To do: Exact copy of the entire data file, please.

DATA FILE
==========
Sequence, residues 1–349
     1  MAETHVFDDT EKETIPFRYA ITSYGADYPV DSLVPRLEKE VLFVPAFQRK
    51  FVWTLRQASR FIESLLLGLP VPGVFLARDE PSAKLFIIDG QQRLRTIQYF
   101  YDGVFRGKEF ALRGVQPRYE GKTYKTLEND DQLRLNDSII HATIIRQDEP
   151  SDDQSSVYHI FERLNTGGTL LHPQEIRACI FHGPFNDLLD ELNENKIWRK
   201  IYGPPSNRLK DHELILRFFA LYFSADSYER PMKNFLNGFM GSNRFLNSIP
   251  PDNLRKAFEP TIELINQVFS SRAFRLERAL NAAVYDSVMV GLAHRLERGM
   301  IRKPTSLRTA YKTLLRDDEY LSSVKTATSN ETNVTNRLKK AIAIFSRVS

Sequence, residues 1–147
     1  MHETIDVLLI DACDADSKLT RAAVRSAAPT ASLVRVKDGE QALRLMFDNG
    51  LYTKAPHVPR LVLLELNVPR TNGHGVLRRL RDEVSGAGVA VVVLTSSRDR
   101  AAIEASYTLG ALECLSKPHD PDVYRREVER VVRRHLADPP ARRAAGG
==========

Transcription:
Sequence, residues 1–349
     1  MAETHVFDDT EKETIPFRYA ITSYGADYPV DSLVPRLEKE VLFVPAFQRK
    51  FVWTLRQASR FIESLLLGLP VPGVFLARDE PSAKLFIIDG QQRLRTIQYF
   101  YDGVFRGKEF ALRGVQPRYE GKTYKTLEND DQLRLNDSII HATIIRQDEP
   151  SDDQSSVYHI FERLNTGGTL LHPQEIRACI FHGPFNDLLD ELNENKIWRK
   201  IYGPPSNRLK DHELILRFFA LYFSADSYER PMKNFLNGFM GSNRFLNSIP
   251  PDNLRKAFEP TIELINQVFS SRAFRLERAL NAAVYDSVMV GLAHRLERGM
   301  IRKPTSLRTA YKTLLRDDEY LSSVKTATSN ETNVTNRLKK AIAIFSRVS

Sequence, residues 1–147
     1  MHETIDVLLI DACDADSKLT RAAVRSAAPT ASLVRVKDGE QALRLMFDNG
    51  LYTKAPHVPR LVLLELNVPR TNGHGVLRRL RDEVSGAGVA VVVLTSSRDR
   101  AAIEASYTLG ALECLSKPHD PDVYRREVER VVRRHLADPP ARRAAGG